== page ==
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Amazon is the world’s largest rainforest and it has been burning. Though Amazon frequently faces fires, these latest ones are the most unusual and devastating. It should be alarming for all because Amazon is our Earth’s only life support system.
Stretched over a vast area of land, the Amazon covers roughly above 2 million sq mi of area. It is the much-needed protection against an impending threat of climate change, as it takes in carbon dioxide from the atmosphere.
But why is the Amazon burning? Deforestation!
The frequent deforestation of Amazon has terrorized many around the world. According to the World Wildlife Fund (WWF), the forest has been chopped down by 20% in the past couple of decades.
Here’s a picture of a deforested area near Novo Progresso, in Brazil’s northern state of Para, in 2009.
If Amazon continues to burn and deforest in the same way then it could create havoc for the whole world; it could lead the forest to a ‘dieback’ scenario – where forests run dry. We are at grave risk if Amazon is gone. Here is why.
Amazon – Earths’ breathing agent
Too much carbon dioxide in Earth’s atmosphere is destructive. Amazon is the indigenous way to put a lid on the excessive presence of carbon dioxide in the atmosphere, often termed as the ‘lungs of the planet’. The Amazon rainforest absorbs carbon-dioxide gas – making way for the world to breathe.
The photosynthesis process through which trees absorb carbon dioxide from the atmosphere and release oxygen is the backbone of the entire claim.
The Amazon produces up to 20% of the world’s oxygen, as plants absorb carbon dioxide and emit oxygen via photosynthesis.
According to Amazon Watch, “The Amazon rainforest gives to the Earth 20% of its oxygen.” Hence, its title, “The lungs of Earth”. The burning of trees and forests results in the release of carbon dioxide.
Besides that, the deforestation of Amazon is also a reason for these releases. According to World Wildlife Fund (WWF) “Amazon’s deforestation results in releasing half billion tons of carbon into the atmosphere annually”, making global warming only worse.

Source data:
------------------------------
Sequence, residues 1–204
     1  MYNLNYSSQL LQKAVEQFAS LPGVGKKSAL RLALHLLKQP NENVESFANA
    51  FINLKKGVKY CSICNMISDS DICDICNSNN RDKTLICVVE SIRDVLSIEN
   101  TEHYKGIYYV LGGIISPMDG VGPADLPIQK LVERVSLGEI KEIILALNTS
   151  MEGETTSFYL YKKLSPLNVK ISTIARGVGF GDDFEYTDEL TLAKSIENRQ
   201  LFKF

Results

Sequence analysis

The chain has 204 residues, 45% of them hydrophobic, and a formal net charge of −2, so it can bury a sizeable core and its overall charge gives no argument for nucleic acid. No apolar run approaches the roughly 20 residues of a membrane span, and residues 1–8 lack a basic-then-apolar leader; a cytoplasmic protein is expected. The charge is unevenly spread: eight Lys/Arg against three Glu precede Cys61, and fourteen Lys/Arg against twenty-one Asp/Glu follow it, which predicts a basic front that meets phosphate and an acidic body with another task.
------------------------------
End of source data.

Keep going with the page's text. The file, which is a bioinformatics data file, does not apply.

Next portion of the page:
The Amazon forest is important in this aspect as it inhales billion tons of carbon dioxide. Professor Ruth DeFries of Columbia University says, “The Amazon is a major bank of carbon”. Furthermore, it can influence weather patterns across.
Tropical deforestation has adverse effects on the water cycle.
The World Resources Institute (WRI) in its 2018 report has showcased that water cycles can be damaged as a result of continuing tropical deforestation.“Its spillover effects mainly in agriculture can be distantly felt, as distant as the United States, China, and India”, the report claims.
Amazon is particularly significant because of its involvement in the weather pattern. Its flora releases moisture so strong that its clouds can travel to a far distant land.
Roni Avissar and David Werth in the article titled “Global Hydroclimatological Teleconnections Resulting from Tropical Deforestation” say that moisture resulting from Amazon has influenced even US weather patterns; for instance, as a result of Amazon’s complete deforestation, Texas weather pattern can be altered up to 25%. “Tropical forest loss is having a larger impact on the climate”, as per WRI report.
Villagers from the Rumao Island community paddle their canoes loaded with arapaima or pirarucu, the largest freshwater fish species in South America, while fishing in the Solimoes river, one of the main tributaries of the Amazon, in the Mamiraua nature reserve, November 24, 2013.
Additionally, ocean currents can also be affected at a greater level: because 15% of freshwater in oceans comes from the Amazon River. Therefore, any disruption in the ocean’s current state of salt and fresh water can alter ocean currents, which in turn modify weather patterns.
Biodiversity – home to unknown medicines
Amazon is host to countless species that are present on the Earth – not less than 10% of known biodiversity resides here. More so, a large amount of new species is being discovered in the Amazon regularly.
Here’s a picture that shows Brazilian researchers inspecting plants to explore new cancer drugs!
This habitat of diverse species holds a cure for many incurable diseases. The anti-cancer drug is being made from Amazon’s plants. Quinine – anti-malaria drug, was also made first from the Amazon.
Ecologist Thomas Lovejoy says, “Every species in this incredibly biodiverse system represents solutions to a set of biological challenges.” But scientists still claim that as of now only a fraction of Amazon’s flora had been researched for treatment purposes.
Besides, these various species also assist in maintaining the Amazon jungle. Birds eat fruits and mushroom its seeds afterwards. Likewise, animals pollinate Amazon plants and feed the soil with excretion.
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